Twitter just tweeted that it has filed a confidential request for going public.
This is massive news for the company that just added MoPub, with its $100 million annual revenue run-rate, as a means of boosting its revenue and looking better for potential investors. It’s likely going to be the biggest tech IPO of the year, the biggest IPO since Facebook’s $16 billion offering in May 2012, and the timing is a big signal that Twitter believes now is a good time for going public.
Or that next year will be tougher, since this IPO is between six and 12 months earlier than widely expected.
Goldman Sachs is expected to lead the public offering. The IPO will likely be at about a $15 billion to $20 billion valuation, given that Twitter last raised money at close to a $10 billion value, and has raised a total of $1.16 billion in funding. But the recent acquisition of MoPub may bump that even more than analysts had previously predicted. Recent private bids for the company topped out at $14 billion.
Current revenue, however, must be lower than $1 billion, or Twitter would not be able to “confidentially” submit an S1 to the Securities and Exchange Commission. That’s not a big shock, of course, as Twitter has just in recent years — months even — really started to focus on revenue. According to eMarketer, Twitter’s 2013 revenue will be just under $600 million — plus perhaps $100 million from MoPub.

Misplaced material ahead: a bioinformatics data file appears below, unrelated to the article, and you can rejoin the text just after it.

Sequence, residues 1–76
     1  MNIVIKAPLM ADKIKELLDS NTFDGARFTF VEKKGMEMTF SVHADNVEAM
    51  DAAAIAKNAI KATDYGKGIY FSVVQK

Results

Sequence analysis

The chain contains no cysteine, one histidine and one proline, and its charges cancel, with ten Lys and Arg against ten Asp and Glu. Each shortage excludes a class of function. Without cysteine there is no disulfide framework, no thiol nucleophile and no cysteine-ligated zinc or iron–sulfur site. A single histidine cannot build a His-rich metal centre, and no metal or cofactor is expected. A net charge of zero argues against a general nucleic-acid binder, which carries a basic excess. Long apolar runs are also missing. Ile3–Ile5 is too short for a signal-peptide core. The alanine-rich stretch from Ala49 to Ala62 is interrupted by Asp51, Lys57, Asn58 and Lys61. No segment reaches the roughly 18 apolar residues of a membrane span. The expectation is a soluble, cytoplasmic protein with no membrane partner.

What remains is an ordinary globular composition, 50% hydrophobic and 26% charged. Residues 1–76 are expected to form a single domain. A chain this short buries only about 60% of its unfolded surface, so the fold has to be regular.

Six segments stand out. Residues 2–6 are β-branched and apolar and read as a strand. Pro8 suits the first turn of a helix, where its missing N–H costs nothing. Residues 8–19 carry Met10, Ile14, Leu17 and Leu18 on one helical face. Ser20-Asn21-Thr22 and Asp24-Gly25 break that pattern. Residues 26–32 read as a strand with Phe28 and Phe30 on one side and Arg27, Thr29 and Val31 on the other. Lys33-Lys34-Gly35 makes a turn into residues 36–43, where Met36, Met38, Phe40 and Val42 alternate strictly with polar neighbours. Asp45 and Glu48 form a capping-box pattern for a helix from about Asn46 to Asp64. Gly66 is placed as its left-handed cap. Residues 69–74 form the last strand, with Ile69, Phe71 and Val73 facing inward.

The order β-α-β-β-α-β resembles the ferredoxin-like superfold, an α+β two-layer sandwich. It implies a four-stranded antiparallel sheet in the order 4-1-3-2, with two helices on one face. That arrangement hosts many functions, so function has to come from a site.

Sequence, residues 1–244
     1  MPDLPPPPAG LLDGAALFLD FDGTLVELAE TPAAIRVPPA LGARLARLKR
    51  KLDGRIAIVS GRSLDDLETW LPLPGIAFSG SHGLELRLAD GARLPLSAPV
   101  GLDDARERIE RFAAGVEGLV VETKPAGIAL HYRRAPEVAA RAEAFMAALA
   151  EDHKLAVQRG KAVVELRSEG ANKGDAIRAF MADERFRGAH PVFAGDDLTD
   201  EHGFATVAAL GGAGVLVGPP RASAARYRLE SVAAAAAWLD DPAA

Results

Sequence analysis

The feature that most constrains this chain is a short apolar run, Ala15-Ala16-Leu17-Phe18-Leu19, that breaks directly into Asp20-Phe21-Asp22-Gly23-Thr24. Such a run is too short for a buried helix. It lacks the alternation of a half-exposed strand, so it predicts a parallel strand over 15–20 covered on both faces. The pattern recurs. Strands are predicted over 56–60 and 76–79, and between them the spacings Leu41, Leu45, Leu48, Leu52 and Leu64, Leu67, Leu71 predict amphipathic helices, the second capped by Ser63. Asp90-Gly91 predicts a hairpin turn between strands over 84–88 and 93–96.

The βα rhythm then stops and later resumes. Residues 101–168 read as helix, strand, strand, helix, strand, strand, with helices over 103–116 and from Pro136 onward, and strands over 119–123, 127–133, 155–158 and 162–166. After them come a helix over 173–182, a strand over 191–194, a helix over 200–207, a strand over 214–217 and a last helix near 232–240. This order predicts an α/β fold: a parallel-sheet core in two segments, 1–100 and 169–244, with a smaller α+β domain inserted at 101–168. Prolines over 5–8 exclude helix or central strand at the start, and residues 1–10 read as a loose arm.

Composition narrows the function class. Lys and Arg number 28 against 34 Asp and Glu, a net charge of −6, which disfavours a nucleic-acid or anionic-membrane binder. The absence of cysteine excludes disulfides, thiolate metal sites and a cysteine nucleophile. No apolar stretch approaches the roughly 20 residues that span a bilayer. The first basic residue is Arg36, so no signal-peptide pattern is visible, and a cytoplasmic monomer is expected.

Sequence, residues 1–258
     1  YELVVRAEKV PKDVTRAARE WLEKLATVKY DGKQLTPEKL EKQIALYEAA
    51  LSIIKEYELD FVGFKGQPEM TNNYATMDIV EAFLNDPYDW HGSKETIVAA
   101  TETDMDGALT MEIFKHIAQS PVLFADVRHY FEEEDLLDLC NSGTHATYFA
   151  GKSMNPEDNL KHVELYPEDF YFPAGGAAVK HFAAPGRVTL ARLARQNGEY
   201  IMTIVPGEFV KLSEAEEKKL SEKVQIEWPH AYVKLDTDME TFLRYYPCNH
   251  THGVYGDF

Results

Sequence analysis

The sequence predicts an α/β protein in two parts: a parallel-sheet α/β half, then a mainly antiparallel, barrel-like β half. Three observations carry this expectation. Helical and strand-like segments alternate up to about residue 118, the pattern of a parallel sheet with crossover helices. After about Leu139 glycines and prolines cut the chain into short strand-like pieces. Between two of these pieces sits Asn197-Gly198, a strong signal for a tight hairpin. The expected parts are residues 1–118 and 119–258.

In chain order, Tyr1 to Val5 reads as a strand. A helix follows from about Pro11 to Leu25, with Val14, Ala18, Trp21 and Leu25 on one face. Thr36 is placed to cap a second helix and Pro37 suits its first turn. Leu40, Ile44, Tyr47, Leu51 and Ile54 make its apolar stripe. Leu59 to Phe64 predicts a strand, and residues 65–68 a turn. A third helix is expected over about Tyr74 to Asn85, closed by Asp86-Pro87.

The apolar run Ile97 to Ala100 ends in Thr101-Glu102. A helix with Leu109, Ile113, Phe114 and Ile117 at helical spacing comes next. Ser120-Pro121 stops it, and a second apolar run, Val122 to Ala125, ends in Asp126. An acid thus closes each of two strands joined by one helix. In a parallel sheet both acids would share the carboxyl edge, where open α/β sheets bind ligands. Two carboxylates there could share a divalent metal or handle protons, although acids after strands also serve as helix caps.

The company has been preparing for an IPO for much of this year.
In July, Twitter added several people who have IPO experience, including a financial reporting manager, a senior accounting manager, and a global operations accountant. Each of the job descriptions listed for those roles Included in the minimum qualifications for the position: “familiarity with public company reporting.” In addition, one asked for “in depth knowledge of US GAAP, and SOX.”
SOX, of course, is accounting geek-speak for the Sarbanes-Oxley Act of 2002, the massive — and massively onerous — set of laws and regulations enacted by the U.S. government for public companies.
To bump revenue in the past year, Twitter has hired massively and worked hard to build new monetization channels. With MoPub, a digital ad exchange, it must feel now that it has all the pieces of the pie:
The downside of Twitter having less than $1 billion in revenue, of course, is that the company’s S1 is private — and we won’t get any details about its revenue, projections, plans, and pricing for some time. Keeping that information confidential is a provision in the JOBS Act that makes it a bit less onerous for smaller companies who want to go public but retain some vestiges of the privacy of a privately-held company for just a few more months.
Until it leaks, of course. If you have a copy, I want to see it.
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